By Deng Machol
Juba – South Sudan government on Tuesday launched the nation’s second international oil and power conference, a gathering aims at attracting prospective investors from global oil and energy firms.
The first oil conference was held in October 2017. South Sudan has the third largest oil reserves in sub-Saharan Africa, but most of its oil facilities have been destroyed in the civil war that started in 2013 – two years after it seceded from Sudan.
More than 400 international and local companies are attending this week’s Africa Oil & Power Conference in the capital, Juba, up from the 300 that attended the initial conference last year.
Some of its oilfields have recently restarted oil production, but returning to full production capacity will take time. In August, South Sudan resumed pumping of crude oil from Toma South oilfied, where production had been stopped since the civil war erupted five years ago.
South Sudan depends on 98% oil revenues for its services, but a country still lag behind in term of physical infrastructure development. South Sudan oil is transported through Sudan due to lack of pipeline and refinery facilities in the country.
Speaking at the opening ceremony, South Sudan First Vice President Taban Deng Gai expressed his government’s interest and commitment to develop the country’s oil industry.
Deng further told the oil companies and investors to be mindful of the environmental pollution while investing in the oil sector in the country.
“The government will continue to work tirelessly to create an enabling environment for business to thrive in the republic of South Sudan including a fair and balance local content regulation. the development of oil and gas sector will encourage economic diversification. let us be reminded of our responsibilities in the areas of social contract. the majority of South Sudan oil is based in the wetlands where we have faced alot of issue of pollution. I hope, in such kinds of forums when we discuss how to enhance productivity, issues of environment should not be left behind,” Deng said on Tuesday in Juba.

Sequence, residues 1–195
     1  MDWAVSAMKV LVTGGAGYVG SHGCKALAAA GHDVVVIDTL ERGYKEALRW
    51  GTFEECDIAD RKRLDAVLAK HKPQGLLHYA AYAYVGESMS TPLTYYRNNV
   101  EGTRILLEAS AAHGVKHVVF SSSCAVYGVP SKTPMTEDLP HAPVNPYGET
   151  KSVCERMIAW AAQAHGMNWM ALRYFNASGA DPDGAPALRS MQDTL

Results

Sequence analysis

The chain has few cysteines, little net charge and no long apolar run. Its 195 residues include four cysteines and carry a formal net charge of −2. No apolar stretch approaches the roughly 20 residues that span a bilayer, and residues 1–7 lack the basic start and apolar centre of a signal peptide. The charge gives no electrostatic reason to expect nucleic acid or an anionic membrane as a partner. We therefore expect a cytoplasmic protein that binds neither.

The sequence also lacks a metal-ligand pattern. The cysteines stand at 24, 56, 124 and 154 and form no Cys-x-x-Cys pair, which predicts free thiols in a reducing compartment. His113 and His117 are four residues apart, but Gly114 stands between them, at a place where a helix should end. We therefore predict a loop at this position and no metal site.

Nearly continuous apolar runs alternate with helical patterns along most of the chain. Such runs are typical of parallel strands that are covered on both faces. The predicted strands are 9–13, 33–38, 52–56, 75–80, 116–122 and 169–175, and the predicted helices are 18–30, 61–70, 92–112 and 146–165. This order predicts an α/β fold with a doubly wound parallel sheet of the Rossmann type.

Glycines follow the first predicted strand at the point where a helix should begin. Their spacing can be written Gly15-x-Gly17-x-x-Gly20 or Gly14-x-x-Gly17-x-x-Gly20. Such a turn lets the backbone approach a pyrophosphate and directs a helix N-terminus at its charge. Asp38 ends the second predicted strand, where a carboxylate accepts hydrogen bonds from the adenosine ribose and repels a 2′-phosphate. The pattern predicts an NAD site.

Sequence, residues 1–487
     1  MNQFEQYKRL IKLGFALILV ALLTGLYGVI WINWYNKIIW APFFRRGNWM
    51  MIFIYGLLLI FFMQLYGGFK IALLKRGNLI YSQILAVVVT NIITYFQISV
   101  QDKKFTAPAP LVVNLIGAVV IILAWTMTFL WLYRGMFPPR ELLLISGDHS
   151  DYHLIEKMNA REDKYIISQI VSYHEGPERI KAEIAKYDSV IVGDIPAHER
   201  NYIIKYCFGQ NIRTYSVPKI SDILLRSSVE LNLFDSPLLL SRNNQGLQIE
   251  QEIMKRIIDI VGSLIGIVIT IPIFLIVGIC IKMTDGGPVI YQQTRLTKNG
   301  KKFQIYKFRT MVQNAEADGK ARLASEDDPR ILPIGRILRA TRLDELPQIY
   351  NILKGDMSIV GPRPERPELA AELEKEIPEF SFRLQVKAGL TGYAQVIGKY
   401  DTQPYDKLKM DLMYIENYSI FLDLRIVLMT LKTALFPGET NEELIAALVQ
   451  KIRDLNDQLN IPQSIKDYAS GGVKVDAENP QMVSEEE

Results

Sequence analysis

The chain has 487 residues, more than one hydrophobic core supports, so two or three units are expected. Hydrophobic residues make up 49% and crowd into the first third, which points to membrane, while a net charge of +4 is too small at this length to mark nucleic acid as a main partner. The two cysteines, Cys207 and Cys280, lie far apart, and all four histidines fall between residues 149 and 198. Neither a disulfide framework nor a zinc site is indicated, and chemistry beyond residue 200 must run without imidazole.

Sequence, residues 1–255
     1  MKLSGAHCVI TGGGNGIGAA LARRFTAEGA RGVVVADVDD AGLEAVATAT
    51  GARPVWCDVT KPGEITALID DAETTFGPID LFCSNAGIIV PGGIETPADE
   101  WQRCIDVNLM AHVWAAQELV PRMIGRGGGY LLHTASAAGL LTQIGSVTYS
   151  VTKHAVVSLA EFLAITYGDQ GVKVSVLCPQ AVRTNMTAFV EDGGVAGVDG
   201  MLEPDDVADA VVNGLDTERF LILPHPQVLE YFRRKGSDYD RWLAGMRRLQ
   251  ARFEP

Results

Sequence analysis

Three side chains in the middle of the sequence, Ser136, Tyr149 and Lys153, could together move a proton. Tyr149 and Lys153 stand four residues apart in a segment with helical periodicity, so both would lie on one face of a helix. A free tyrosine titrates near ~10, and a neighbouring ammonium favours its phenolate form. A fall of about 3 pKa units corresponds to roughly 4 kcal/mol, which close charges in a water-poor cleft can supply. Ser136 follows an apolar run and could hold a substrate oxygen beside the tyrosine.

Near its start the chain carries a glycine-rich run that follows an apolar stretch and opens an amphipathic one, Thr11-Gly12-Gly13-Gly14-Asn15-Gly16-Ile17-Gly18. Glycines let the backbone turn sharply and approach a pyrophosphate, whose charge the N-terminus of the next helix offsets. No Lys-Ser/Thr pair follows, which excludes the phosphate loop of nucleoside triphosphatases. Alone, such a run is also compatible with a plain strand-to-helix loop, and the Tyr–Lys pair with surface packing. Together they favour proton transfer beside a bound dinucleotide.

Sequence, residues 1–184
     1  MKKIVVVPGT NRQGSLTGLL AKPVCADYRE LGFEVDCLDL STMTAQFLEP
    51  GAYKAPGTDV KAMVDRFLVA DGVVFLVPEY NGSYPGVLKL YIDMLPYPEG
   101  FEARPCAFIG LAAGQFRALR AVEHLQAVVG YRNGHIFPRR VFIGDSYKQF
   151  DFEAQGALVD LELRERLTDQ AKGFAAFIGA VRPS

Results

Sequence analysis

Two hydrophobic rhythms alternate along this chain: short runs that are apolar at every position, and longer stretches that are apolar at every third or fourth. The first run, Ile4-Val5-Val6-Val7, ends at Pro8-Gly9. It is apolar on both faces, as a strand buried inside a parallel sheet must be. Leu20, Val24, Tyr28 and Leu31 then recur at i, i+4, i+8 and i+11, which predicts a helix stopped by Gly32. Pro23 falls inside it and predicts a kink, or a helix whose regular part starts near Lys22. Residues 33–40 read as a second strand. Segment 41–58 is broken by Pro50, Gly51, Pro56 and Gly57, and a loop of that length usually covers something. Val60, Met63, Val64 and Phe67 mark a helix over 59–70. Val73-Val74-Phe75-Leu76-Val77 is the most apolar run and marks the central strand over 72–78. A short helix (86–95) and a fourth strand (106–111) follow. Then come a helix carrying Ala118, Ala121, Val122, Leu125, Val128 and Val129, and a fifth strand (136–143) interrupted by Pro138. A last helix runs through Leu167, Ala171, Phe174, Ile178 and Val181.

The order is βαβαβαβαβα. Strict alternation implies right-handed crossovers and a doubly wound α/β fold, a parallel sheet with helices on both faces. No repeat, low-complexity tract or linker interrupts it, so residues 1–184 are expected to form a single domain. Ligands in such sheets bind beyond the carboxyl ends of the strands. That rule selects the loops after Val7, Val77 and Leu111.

However, South Sudan is making its first big foreign investment pitch since asserting an end to civil war, but the oil-rich nation faces disinclination from some companies that want to make sure the brittle new revitalized peace deal holds.
The East Africa youngest nation is eager to make up for $4 billion in lost revenue caused by the five-year conflict after the government and armed opposition signed a power-sharing agreement two months ago.
Tapping 3.5 billion barrels of oil reserves, the third largest in Africa, is the fastest route for South Sudan, whose economy is almost entirely dependent on oil exports.
Meanwhile, South Sudan Oil minister Ezekiel Lul said the mobilized the oil investors to come and operating in the country in order to lifted up oil production in the country.
“This year is better than last year. we have mobilized a lot of companies in investing in the Republic of South Sudan, not only in the oil industry but in different areas,” Lul said.
On the same event, Sudan Petroleum Minister Azhari Abdallah said the two countries plan to sign a cooperation deal that would allow experts in the oil sectors to exchange visits.
He said the resumption of oil production will strength the economics of the two countries, including the foreign relations of the two sisterly countries.
“I am pleased to announce that South Sudan’s first crude oil is now ready for shipment in the port Sudan,” Abdallah said.
Also, APPO SG Mahaman Gaya, said they are working to stabilize and strength the oil and energy in the Africa continent.
AOP CEO Gullaune Doane urged South Sudan government to put much focus on the trade, which he says it is easy to improve a country’s socio – economic development.
The government is offering prospective investors incentives such as a tax-free grace period of up to 10 years. It hopes to build on the momentum created in August when drilling resumed in key oil fields for the first time since 2013. The aim is to return to the pre-conflict production of 350,000 barrels per day. But some at the investment conference expressed vigilant buoyancy after preliminary signs of growth.
The companies, already licensed to operate in the newly reopened oil fields in Unity State are China National Petroleum Corporation, India-based Oil and Natural Gas Corporation and Malaysia-based Petronas.
On the hand, early next year local oil marketing company Trinity Energy will begin building East Africa’s only oil refinery, a $350 million project that will take about 18 months to complete. It will be able to produce 25,000 barrels per day. But at now, South Sudan exports its crude oil, only to buy it back.
More so, South Sudan is currently produces about 150,000 barrels per day, 40 percent of which goes to cover operating costs. The government is left with 90,000 barrels, but partners such as China’s CNPC and Malaysia’s Petronas take 20 percent of it.
While, the remaining profit has to be shared with Sudan’s government in Khartoum as South Sudan has to use its infrastructure to process and transport its oil. Every barrel produced is vital to Africa’s youngest nation, as oil provides nearly all of its gross domestic product.
With the revitalized peace deal at the hand, South Sudan hopes to return to full oil production capacity in an attempt to strengthen and recover its fraught economy.